Data Structures and Algorithms in Java

Front Cover
Wiley, 2004 - Computer algorithms - 681 pages
2 Reviews

This version of the book uses the latest Java technology, Java 2 Standard Edition Version 5.0 (J2SE V. 5.0), or otherwise known as "Version 5.0."

This revolutionary book intertwines problem solving and software engineering with the study of traditional data structures topics. The book emphasizes the use of objects and object-oriented design. Early chapters provide background coverage of software engineering. Then, in the chapters on data structures, these principles are applied. The authors encourage use of a five-step process for the solution of case studies: problem specification, analysis, design, implementation, and testing. As is done in industry, these steps are sometimes performed in an iterative fashion rather than in strict sequence. The Java Application Programming Interface (API) is used throughout the text. Wherever possible, the specification and interface for a data structure follow the Java Collections Framework.

  • Emphasises the use of objects and object-oriented design
  • Provides a primer on the Java language and offers background coverage of software engineering
  • Encourages an iterative five-step process for the solution of case studies: problem specification, analysis, design, implementation, and testing
  • The Java Application Programming Interface (API) is used throughout

What people are saying - Write a review

Review: Data Structures and Algorithms in Java

User Review  - Patrick Jennings - Goodreads

Required for data structures class. I found better descriptions of the algorithms covered in this book on Wikipedia. At least the book contains Java code for some of the implementations and examples of how the data structures work. A good book for the beginner. You can find better as a reference. Read full review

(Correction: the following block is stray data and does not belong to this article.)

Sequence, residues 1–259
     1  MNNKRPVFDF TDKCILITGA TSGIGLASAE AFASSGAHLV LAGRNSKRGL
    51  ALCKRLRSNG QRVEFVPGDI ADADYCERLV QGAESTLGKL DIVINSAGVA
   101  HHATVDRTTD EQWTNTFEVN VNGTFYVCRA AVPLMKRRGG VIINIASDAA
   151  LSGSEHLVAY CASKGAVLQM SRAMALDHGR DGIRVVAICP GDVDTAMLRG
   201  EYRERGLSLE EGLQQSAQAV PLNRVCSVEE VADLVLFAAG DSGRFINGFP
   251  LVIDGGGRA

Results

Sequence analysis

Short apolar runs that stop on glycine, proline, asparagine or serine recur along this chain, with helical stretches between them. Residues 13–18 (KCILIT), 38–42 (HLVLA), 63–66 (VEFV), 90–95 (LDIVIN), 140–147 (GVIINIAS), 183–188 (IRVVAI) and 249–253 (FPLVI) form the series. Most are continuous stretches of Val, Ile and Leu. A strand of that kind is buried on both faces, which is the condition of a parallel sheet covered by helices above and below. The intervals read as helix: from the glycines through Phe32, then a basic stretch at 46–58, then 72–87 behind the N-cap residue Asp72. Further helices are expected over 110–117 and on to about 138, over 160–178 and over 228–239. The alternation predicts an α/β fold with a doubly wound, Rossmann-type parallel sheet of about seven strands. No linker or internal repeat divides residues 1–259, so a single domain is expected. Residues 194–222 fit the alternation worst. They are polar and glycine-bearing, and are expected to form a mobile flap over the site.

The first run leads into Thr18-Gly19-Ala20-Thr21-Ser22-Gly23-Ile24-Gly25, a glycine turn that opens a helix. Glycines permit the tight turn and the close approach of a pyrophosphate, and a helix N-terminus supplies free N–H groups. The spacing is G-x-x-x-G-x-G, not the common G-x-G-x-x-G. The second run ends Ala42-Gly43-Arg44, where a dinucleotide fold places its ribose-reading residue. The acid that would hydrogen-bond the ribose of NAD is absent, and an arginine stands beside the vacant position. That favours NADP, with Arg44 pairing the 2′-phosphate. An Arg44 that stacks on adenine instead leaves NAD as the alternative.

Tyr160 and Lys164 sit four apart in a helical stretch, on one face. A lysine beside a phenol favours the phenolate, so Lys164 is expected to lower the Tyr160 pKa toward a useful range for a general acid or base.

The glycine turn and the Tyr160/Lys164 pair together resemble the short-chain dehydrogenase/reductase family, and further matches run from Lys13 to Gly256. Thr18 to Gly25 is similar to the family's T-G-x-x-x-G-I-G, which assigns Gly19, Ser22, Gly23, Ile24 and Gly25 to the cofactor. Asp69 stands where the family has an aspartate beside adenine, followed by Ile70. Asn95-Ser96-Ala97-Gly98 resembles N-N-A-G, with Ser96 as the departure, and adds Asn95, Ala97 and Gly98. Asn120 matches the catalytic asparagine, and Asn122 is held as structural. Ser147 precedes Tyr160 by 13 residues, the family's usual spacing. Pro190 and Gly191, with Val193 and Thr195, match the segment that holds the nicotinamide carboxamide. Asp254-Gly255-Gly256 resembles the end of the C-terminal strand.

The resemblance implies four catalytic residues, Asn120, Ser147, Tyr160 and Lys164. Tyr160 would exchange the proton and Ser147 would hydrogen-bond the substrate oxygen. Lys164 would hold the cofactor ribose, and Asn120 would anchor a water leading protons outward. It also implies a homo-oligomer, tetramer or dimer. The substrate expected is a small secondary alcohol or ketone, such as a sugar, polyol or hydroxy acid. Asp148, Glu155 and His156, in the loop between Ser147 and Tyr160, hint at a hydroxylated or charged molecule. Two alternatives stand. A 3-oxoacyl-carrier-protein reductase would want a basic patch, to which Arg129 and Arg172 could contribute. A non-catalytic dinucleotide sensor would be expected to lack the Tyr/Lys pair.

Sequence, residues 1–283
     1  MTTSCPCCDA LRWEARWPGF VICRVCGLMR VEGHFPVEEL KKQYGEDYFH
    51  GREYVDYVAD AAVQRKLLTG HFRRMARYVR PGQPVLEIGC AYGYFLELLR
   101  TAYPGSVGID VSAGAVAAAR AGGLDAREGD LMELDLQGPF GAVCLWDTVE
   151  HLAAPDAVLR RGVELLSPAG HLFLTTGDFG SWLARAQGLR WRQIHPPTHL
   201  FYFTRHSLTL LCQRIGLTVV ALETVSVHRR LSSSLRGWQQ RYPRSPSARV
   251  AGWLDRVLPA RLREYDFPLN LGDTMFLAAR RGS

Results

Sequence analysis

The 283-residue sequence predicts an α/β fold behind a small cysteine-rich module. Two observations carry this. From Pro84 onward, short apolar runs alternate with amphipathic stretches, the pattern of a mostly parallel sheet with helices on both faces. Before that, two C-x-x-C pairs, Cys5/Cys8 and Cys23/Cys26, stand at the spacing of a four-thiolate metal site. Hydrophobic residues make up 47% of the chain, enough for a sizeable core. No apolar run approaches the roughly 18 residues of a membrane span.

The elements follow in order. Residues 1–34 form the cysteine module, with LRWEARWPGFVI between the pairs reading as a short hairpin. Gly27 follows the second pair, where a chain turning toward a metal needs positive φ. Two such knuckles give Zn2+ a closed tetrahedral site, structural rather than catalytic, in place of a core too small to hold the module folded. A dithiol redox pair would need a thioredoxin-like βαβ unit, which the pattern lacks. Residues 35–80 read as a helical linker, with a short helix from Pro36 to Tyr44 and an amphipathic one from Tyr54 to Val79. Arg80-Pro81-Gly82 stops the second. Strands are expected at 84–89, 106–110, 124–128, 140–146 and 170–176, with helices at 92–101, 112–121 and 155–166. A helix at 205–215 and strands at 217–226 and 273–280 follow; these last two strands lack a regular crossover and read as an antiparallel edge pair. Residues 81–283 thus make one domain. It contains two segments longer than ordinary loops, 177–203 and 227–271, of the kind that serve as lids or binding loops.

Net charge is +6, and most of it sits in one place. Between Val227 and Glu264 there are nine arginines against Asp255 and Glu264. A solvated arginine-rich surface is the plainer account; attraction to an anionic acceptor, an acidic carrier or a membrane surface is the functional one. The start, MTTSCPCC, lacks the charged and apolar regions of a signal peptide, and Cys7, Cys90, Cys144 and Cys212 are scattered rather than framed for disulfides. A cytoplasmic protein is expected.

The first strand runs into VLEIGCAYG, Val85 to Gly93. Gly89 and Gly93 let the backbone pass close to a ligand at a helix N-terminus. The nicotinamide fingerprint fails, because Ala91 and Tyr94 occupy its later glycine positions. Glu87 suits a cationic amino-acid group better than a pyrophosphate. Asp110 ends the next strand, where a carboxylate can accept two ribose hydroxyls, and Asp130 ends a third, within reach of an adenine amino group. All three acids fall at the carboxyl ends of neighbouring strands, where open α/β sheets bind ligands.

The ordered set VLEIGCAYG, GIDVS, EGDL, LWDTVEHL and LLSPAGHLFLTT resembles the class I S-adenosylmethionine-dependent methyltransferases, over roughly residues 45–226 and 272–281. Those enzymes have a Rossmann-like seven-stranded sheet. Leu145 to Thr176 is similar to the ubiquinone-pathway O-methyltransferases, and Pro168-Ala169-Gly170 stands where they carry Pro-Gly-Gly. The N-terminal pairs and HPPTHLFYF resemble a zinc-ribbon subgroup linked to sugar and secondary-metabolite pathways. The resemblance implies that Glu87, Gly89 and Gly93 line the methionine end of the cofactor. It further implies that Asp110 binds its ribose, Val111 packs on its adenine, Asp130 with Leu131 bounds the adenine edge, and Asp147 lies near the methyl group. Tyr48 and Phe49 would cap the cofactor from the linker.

Review: Data Structures and Algorithms in Java

User Review  - Hosein - Goodreads

This was one of in our syllabus which we had to read. this book is a great book which gives you the idea of how to code a queue for example or a stack which are very helpful for a big project. JAVA is ... Read full review

About the author (2004)

Professors Goodrich and Tamassia are well-recognized researchers in algorithms and data structures, having published many papers in this field, with applications to Internet computing, information visualization, computer security, and geometric computing. They have served as principal investigators in several joint projects sponsored by the National Science Foundation, the Army Research Office, and the Defense Advanced Research Projects Agency. They are also active in educational technology research, with special emphasis on algorithm visualization systems.

Michael Goodrich received his Ph.D. in computer science from Purdue University in 1987. He is currently a professor in the Department of Computer Science at University of California, Irvine. Previously, he was a professor at Johns Hopkins University. He is an editor for the International Journal of Computational Geometry & Applications and Journal of Graph Algorithms and Applications.

Roberto Tamassia received his Ph.D. in Electrical and Computer Engineering from the University of Illinois at Urbana-Champaign in 1988. He is currently a professor in the Department of Computer Science at Brown University. He is editor-in-chief for the Journal of Graph Algorithms and Applications and an editor for Computational Geometry: Theory and Applications. He previously served on the editorial board of IEEE Transactions on Computers.

In addition to their research accomplishments, the authors also have extensive experience in the classroom. For example, Dr. Goodrich has taught data structures and algorithms courses, including Data Structures as a freshman-sophomore level course and Introduction to Algorithms as an upper level course. He has earned several teaching awards in this capacity. His teaching style is to involve the students in lively interactive classroom sessions that bring out the intuition and insights behind data structuring and algorithmic techniques. Dr. Tamassia has taught Data Structures and Algorithms as an introductory freshman-level course since 1988. One thing that has set his teaching style apart is his effective use of interactive hypermedia presentations integrated with the Web.

The instructional Web sites, datastructures.net and algorithmdesign.net, supported by Drs. Goodrich and Tamassia are used as reference material by students, teachers, and professionals worldwide.

Bibliographic information